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Showing posts with label James Rogan. Show all posts
Showing posts with label James Rogan. Show all posts

Wednesday, 17 June 2015

Sheffield - God's own City ~ Michael Palin at The Crucible

This is a review of Monty Python : The Meaning of Live (2014)

More views of or before Cambridge Film Festival 2015 (3 to 13 September)
(Click here to go directly to the Festival web-site)

17 June

This is a review of a special screening of Monty Python : The Meaning of Live (2014) at Sheffield Documentary Festival, at The Crucible Theatre (@crucibletheatre), on Wednesday 10 June at 6.30 p.m., followed by a Q&A (hosted by Josie Long (@JosieLong)) with Holly Gilliam, James Rogan and Michael Palin

Josie Long and Michael Palin

Holly Gilliam’s (Terry Gilliam’s daughter’s) impulse to get a camera into the script-reading for Monty Python (Almost) Live was absolutely right, and, as we heard, that was the impetus for this film itself documenting a show that was largely and pragmatically put on to meet the legal costs of the members of Monty Python being sued over some rights issue* (it sounded as though they might have been badly advised about defending the court action, maybe by Cleese’s classic barrister Archie Leach, from A Fish Called Wanda (1988) ?).

The approach gave us all that we wanted, including :

* A sense, as the title turned out to imply, of Python on stage, ranging from the celebrated Amnesty International gigs to Monty Python Live at The Hollywood Bowl (1982) (a title that, we learnt, was meant to stir feelings of the incongruous)

* The related interactions and tensions in and between those tallied both by One Down, Five to Go, and in Graham Chapman’s lifetime (to which Python’s memory the film was dedicated)

* The thrills and spills of the ten-night run at that venue that was allegedly so worthless, as The Millennium Dome, that HM Government disposed of it for a pound

* Thoughts about what comedy is and how it works, from Eric Idle seeing it as algebra (not an art), and needing to change one of the terms to get a laugh, to John Cleese’s having had to fight back, over decades, what sounded like rage that people laughed before he had done anything that he thought merited it**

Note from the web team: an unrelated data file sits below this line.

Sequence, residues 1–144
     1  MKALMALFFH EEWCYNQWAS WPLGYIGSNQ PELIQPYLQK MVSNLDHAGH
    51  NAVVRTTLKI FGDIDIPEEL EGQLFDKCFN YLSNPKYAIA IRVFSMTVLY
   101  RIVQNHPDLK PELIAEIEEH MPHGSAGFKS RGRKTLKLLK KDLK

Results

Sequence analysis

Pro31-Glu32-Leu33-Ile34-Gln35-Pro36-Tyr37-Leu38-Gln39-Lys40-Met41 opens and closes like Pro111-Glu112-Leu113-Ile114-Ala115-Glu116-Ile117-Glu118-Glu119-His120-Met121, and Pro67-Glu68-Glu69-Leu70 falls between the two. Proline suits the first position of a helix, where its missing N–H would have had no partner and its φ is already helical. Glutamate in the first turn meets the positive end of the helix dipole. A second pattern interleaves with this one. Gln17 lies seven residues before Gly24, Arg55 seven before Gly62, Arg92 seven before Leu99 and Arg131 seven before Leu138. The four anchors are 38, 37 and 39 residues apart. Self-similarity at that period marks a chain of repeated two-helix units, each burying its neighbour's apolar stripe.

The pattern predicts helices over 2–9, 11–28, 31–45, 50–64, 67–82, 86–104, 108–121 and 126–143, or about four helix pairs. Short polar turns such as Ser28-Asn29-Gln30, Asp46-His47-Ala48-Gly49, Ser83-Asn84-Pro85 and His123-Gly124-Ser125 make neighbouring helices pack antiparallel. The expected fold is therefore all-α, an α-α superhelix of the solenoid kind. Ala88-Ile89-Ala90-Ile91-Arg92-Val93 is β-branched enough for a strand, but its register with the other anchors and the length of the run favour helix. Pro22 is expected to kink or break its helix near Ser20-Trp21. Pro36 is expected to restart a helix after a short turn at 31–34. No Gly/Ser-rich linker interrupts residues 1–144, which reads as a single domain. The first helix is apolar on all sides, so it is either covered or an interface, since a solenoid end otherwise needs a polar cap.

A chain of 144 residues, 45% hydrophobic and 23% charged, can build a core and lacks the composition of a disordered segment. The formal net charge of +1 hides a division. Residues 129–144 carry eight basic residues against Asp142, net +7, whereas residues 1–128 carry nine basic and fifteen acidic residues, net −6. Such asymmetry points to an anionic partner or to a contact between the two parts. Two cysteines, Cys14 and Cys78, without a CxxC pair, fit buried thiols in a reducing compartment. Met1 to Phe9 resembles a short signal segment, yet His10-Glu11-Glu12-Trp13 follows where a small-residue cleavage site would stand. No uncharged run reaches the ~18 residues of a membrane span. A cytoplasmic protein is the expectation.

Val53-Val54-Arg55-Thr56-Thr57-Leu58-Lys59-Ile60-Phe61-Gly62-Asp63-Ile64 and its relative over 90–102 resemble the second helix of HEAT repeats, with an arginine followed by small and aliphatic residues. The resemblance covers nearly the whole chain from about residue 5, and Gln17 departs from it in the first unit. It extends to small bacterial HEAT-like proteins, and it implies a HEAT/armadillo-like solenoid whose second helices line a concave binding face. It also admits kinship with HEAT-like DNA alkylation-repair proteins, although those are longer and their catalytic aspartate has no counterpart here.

* Michael Palin, dressed as a smart Sheffield woman of his mother’s generation for the ad hoc purpose of a filler (to comply with the limitations of ‘the watershed’ in public-service broadcasting, which it then proceeded to ridicule) : Eric Idle’s script, as interpreted by Palin and creatively imagined by improvisation, clarifying that when she said that she did not have one, she meant a television (not a cunt), or vice versa

* Confirmation that it had been, as it always seemed, Eric Idle’s creation (though directed by Terry Gilliam)

* Laughter again, deep and liberating, at the excerpts from Monty Python (Almost) Live and its staging :

** The candour before, after and during the O2 show (including feigned and real irritation at being filmed)

** The archive material from the show, from live performance and elsewhere : good choice, well placed

** The best of what was recorded during the 10-night show and its rehearsal, including seeing it change, and hearing in the film, and in the Q&A about corpsing / timing and their place in creating something fresh

** On this latter point, the very real pleasure of seeing Palin and Cleese in operation together

Holly Gilliam, James Rogan, Josie Long, and Michael Palin

As to the Q&A, one enthusiast closed the proceedings by declaring The Fish-Slapping Dance, which Palin said had been submitted for a comedy version of Eurovision (never repeated ?), the best thing that the Pythons had done : a few seconds, and the fifteen-foot fall into the dock below, had been worth it ! (Yes, it always brings a laugh, but hardly the best thing that they did ?) This enthusiast asked about Palin’s not only knowing his own part, but everyone else’s : yes, he had learnt it early on to feel comfortable with it, and then able to elaborate variations on it.

To that impulse to get a camera to document what happened, much is owed, in this skilful snapshot of the surviving Pythons by Roger Graef (who, sadly, did not attend, because he felt unwell) and James Rogan :

Seen at Sheffield : Doc/Fest films with full reviews


* Having established the point, by comment from a Python or three, the film wisely moved on : we did not feel that we needed to know more.

** Cleese also thought that sketches such as The Dead Parrot had not always been appreciated in the t.v. series, but had acquired a popularity through (recordings of) the live versions / iterations :

Unless stated otherwise, all films reviewed were screened at Festival Central (Arts Picturehouse, Cambridge)